Jason Carmer

Jason Carmer's name kept coming up, so when our ad rep, Marsha Vdovin, told me he was sheltering in place in nearby Sonoma County, it seemed to be the right time to do a socially distanced interview on the outdoor deck at my Panoramic House studio. I'd seen Jason's name attached to bands such as Third Eye Blind and The Donnas, and our "Gear Geek" Andy Hong had mentioned him when they were both working at The Lodge in NYC. (More recently, our mutual friend, drummer, and producer, Michael Urbano, was sharing a studio space in Berkeley, California with him, but Jason was never around when Michael and I stopped by.) To bring this full circle, Michael used to play in a band, Black Lab, with our online publisher Geoff Stanfield, and Jason had recorded their album. See how this works? More recently though, Jason had moved to Mexico City, but was back in the U.S. because of the pandemic. Let's get to the bottom of this...

How'd you get started as an engineer and producer?

My dad was a musician, so I grew up hearing music. I started playing guitar when I was 12. I got into punk because I could play it. I was living in Washington, D.C. I bounced back and forth quite a bit, because my parents were divorced and my dad was out here in California. I started playing guitar, and I was part of the D.C. punk scene. I played in a band called Double-O. I was in The Meatmen. I was part of the Dischord Records world, even though I never actually was on Dischord. I was in a band called Scream too. They kicked me out, but some of my songs are on their record. It was a small world.

Did you know Don Zientara [Tape Op #8]?

Oh, yeah. Inner Ear, the first place I recorded, was with Don. I was in another band called 9353 and he recorded our record. He recorded the Double-O record. Don was legendary. He still is. He'd record in his basement in Arlington, and his kids' toys were in the room. It was awesome. Playing in bands got me into the studio doing recording. That's the kind of person I am; I had to touch everything. I started to figure out what was going on, and then people started to ask me to produce them. That was hilarious, because I was only 17 or 18 years old, so I had no idea what the fuck that meant. But I said, "Okay, I'll sit in the studio and produce you." I moved to California in the late ,80s and I did live sound. I was the sound guy at The Stone; this infamous shithole venue in North Beach [San Francisco]. Everybody played there – a lot of rock and a lot of punk, like KISS and every weirdo middle-of-the-road size rock band. It had an 800 seat capacity, and they would stuff twice as many people in there. Then from there I hooked up with my friend Jacquire King [Tape Op #88, #45, online this issue], who's a super producer now. We used to paint houses together on the side. He was doing sound for this band Consolidated, and touring with them. He got a gig working at Slim's and didn't want to do the next tour, so I did that tour. Then I met [Consolidated's drummer] Philip Steir, who partnered up with Craig Silvey shortly after – another producer – and they started Toast Studios in San Francisco, which is the Bill Putnam-designed room [originally Coast Recorders]. I said, "I'll do anything you guys need. I'm tired of fucking heavy metal and touring." I was one of the first guys in in that place. We wired it all up and went from there.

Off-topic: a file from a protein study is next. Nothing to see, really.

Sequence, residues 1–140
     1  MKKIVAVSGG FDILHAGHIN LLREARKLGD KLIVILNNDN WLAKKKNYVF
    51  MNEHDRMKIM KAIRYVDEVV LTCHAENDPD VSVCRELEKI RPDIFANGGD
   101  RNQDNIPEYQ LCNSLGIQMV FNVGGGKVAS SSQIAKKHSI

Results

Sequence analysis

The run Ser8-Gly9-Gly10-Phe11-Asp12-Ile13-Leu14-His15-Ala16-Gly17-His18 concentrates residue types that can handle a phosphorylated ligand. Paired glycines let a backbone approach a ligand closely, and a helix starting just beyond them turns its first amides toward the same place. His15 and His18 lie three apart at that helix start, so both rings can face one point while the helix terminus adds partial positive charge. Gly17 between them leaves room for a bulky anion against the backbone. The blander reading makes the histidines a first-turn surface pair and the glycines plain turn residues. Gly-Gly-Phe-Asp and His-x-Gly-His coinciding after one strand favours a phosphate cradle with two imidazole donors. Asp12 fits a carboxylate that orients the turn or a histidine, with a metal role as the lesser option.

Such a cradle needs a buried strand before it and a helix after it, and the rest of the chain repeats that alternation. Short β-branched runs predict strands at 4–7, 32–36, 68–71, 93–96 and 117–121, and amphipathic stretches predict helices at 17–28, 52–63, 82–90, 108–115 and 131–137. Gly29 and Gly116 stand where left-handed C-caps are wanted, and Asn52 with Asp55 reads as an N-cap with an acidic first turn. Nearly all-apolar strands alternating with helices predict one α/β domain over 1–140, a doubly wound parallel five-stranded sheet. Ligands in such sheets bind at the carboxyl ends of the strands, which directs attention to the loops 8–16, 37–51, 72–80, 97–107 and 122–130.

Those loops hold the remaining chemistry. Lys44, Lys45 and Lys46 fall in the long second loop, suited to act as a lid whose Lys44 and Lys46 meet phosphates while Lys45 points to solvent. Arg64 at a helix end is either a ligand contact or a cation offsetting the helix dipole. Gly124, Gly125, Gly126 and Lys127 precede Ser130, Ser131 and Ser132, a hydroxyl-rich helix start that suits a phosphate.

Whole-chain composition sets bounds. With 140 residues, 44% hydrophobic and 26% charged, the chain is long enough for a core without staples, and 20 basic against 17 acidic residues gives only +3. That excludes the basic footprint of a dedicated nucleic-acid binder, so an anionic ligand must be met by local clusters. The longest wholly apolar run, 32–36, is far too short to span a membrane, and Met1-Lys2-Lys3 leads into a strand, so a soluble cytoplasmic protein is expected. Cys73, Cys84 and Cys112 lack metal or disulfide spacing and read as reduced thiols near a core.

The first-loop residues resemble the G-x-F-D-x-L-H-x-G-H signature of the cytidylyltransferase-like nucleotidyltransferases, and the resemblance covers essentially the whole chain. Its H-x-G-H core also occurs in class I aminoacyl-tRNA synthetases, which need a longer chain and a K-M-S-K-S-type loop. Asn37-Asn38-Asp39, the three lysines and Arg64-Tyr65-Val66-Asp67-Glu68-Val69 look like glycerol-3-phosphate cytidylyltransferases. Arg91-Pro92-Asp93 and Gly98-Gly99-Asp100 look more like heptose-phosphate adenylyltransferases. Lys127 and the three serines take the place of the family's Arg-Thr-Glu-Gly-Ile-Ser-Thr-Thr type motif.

That was the first incarnation of Toast Studios?

Yeah. Dan Alexander had it before, and it was still called Coast. If I remember correctly, there was something about changing the business name. It was a great place to be. It went on a run. It was a great opportunity to meet a lot of people and to work on a shit ton of major projects.

Who were some of the bands coming through back then?

The Breeders did that massive hit record [Last Splash] there when it was still Coast. When we were in there, it was Neil Young, Tom Waits, R.E.M., Rick Rubin, and Third Eye Blind. That's where I met Third Eye Blind. Phil did a lot of remixes. Back in those days it was a big thing, and it was an opportunity to work on projects like remixing Pete Townshend, Nine Inch Nails, Chumbawamba, or Butthole Surfers. It was a great place to be.

You worked on a couple of Third Eye Blind records, right?

Yeah. I knew the bass player, Arion Salazar, from The Stone. He played in a band called Fungo Mungo. Arion and I were friends. He told me, "I'm doing this gig man. It's a pop band, but I'm getting paid!" This was when they first got signed. Then they came to Toast to record with Eric...

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